November 12, 2012 – There was also a borderline effect towards developing new-onset diabetes among patients who started taking beta-blockers but it was not significant after adjusting for key clinical factors. Beta-blockers, statins, and diuretics are routinely used to lower the risk of death or serious events such as heart attacks in patients with cardiovascular disease. Despite the benefits, data suggests that these medications, particularly statins, can also increase fasting glucose levels and raise a patient’s risk of developing diabetes. A new study was the first to use serial glucose measurements to determine the effect of diuretics, beta-blockers, and statins on glucose levels. DCRI fellow Lan Shen, MD, (pictured) presented the findings at the 2012 American Heart Association Scientific Sessions. More than 9,500 patients with impaired glucose tolerance and other cardiovascular risk factors were enrolled in a sub-study of the NAVIGATOR trial. This sub-study is based on a population that was naïve to treatment with beta-blockers, diuretics, and statins at baseline enrollment. Patients had glucose measurements taken every six months for the first three years then annually thereafter. Average follow-up time for the trial was 5 years for new diabetes onset and 6.5 years for vital statistics. While enrolled in the study, approximately 17 percent of patients who were beta-blocker naïve at baseline began taking beta-blockers, 22 percent who were diuretic naïve at baseline started taking diuretics, and 24 percent who were statin naïve at baseline started taking statins. Patients who began taking diuretics and statins were significantly more likely to develop new-onset diabetes than patients who did not begin taking those medications. There was also a borderline eff Continue reading >>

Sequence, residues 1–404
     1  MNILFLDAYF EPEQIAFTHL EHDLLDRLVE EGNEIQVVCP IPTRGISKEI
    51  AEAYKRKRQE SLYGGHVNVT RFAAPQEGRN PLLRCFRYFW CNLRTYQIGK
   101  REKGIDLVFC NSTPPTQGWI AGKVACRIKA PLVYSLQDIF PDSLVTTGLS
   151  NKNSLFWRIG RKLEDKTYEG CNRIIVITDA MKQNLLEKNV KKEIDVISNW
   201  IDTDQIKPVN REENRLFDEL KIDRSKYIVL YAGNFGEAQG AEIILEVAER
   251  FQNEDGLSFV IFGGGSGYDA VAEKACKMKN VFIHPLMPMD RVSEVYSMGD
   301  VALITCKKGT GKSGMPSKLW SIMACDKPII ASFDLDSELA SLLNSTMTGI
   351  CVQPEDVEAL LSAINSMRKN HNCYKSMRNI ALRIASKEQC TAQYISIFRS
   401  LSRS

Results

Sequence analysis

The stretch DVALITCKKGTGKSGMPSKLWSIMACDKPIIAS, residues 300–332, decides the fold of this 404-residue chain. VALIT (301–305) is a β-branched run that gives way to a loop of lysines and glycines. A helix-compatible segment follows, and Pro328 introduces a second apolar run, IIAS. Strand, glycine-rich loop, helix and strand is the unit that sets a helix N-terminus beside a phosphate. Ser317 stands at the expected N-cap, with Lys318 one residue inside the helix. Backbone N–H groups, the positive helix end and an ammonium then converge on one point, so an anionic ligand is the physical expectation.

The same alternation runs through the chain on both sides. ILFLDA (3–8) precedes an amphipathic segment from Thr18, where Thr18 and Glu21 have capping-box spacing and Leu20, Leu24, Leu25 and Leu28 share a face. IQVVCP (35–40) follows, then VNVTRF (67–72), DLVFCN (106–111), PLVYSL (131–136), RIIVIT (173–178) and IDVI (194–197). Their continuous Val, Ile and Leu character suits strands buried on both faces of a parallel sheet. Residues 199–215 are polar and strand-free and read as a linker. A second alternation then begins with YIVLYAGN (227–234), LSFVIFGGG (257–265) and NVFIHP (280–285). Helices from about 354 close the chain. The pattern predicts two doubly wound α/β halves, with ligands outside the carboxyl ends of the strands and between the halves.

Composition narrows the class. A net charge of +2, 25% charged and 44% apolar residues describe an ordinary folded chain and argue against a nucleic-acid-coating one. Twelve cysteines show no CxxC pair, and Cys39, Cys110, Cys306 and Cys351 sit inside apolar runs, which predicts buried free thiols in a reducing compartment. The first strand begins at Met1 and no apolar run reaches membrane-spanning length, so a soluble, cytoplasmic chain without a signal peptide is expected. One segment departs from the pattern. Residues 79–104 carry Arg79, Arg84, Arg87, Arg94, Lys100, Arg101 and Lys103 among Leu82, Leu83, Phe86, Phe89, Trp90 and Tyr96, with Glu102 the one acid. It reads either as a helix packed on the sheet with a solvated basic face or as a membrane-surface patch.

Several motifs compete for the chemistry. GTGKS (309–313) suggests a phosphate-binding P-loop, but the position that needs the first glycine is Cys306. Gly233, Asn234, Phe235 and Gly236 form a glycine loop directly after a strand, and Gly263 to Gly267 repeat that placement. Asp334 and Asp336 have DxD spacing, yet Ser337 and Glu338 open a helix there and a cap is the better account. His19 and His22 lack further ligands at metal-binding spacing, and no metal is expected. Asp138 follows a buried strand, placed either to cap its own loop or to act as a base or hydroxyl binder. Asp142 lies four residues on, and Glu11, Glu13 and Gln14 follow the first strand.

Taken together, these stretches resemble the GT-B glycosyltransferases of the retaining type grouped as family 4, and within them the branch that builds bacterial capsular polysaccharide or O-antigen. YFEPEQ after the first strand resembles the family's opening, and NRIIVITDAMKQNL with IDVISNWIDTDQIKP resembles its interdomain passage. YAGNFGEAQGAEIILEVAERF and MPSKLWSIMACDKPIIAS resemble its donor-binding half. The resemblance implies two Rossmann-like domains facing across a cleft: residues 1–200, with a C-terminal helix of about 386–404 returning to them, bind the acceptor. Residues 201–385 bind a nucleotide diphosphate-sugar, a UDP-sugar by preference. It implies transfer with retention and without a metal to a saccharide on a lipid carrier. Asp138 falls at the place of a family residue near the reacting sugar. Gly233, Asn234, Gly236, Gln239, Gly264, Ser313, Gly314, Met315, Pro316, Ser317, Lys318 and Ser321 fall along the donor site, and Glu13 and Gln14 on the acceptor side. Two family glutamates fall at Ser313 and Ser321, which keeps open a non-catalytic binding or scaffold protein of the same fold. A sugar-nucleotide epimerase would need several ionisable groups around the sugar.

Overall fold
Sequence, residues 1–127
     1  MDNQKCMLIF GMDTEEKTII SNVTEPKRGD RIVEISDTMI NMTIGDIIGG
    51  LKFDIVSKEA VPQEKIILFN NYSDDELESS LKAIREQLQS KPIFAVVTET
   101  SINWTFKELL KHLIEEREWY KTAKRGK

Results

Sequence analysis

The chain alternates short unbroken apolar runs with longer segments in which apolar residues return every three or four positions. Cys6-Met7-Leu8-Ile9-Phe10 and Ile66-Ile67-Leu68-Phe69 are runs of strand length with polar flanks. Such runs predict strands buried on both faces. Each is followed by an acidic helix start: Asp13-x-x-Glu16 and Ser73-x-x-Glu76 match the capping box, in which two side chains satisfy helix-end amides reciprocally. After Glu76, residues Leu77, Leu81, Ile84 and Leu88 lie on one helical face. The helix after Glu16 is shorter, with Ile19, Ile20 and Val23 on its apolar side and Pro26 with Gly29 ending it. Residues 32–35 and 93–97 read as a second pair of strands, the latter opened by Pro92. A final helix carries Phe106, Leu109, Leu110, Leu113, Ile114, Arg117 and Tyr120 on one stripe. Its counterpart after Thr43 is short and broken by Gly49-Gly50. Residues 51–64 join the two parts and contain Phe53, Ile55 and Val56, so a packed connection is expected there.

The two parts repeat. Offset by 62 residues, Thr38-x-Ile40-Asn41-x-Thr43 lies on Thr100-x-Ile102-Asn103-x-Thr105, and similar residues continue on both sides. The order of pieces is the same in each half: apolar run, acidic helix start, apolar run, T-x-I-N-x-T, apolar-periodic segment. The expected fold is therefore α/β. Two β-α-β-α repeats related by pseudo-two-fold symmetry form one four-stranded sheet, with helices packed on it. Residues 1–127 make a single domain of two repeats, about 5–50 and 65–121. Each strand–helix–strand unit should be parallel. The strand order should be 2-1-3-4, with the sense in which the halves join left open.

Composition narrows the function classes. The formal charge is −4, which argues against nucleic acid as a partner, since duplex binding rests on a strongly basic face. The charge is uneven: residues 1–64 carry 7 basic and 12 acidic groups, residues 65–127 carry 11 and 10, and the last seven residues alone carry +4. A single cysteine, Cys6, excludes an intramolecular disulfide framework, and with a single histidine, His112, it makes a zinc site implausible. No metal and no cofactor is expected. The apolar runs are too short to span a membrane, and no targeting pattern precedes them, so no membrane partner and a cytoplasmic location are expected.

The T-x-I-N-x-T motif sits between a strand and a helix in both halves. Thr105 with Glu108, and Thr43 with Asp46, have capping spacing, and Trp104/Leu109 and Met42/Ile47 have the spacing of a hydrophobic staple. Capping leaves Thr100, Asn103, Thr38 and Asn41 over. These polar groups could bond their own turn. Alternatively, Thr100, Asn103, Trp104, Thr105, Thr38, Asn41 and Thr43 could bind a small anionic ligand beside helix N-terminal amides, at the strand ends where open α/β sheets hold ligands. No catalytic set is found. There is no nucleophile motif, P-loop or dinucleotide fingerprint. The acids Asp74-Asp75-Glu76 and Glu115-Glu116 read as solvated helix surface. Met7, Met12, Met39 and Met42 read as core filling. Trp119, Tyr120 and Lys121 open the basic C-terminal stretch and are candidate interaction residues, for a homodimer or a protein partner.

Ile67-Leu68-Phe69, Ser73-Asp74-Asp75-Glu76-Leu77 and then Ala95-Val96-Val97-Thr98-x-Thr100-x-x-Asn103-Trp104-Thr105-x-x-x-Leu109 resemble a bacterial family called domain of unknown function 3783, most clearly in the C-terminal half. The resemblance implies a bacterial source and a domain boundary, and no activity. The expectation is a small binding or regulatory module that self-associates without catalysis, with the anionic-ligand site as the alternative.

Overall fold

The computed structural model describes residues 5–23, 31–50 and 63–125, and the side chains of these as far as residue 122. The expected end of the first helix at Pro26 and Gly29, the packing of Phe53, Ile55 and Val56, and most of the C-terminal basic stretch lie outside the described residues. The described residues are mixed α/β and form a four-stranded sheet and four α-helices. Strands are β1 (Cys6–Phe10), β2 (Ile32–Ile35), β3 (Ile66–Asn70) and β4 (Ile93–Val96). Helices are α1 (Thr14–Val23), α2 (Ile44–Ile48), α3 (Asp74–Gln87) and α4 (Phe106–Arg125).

Beta-blockers For The Treatment Of Hypertension In Patients With Diabetes: Exploring The Contraindication Myth

Beta-blockers For The Treatment Of Hypertension In Patients With Diabetes: Exploring The Contraindication Myth

, Volume 13, Issue5 , pp 435439 | Cite as Beta-blockers for the Treatment of Hypertension in Patients with Diabetes: Exploring the Contraindication Myth Purpose: To review the evidence supporting the contraindications (hypoglycemic unawareness, insulin resistance, and dyslipidemia) usually given as the reasons by physicians for not using beta blockers for treating hypertension in patients with diabetes mellitus. Methods: A research synthesis based on MEDLINE (January 1966 through January 1999), hand searches of pertinent references and textbooks, and consultation with experts. Results: There is little evidence to support the assertion that beta blockers should be routinely contraindicated in diabetes. Beta blockers have few clinically important effects on hypoglycemic awareness and recovery, insulin resistance and hyperglycemia, or lipid profiles. Moreover, when diabetics have been treated with beta blockers for hypertension or for the secondary prevention of myocardial infarction, they benefit as much, if not more, than nondiabetic patients. There may be many circumstances (e.g., hypertensive patients with coronary disease) under which beta blockers are the drugs of first choice for diabetic patients. Recommendations to use agents other than beta blockers (or low dose thiazide diuretics) for the treatment of hypertension in diabetes are based on these agents' effectiveness against surrogate endpoints, and not their proven benefit in preventing important clinical endpoints. Conclusions: Except for patients with brittle glycemic control, manifest hypoglycemic unawareness, renal parenchymal disease, or documented intolerance, beta blockers should no longer be considered routinely contraindicated in the presence of diabetes. hypertensiondiabetes mellitustreatmentbeta bloc Continue reading >>

Antihypertensive Treatment With Beta-blockers And The Spectrum Of Glycaemic Control

Antihypertensive Treatment With Beta-blockers And The Spectrum Of Glycaemic Control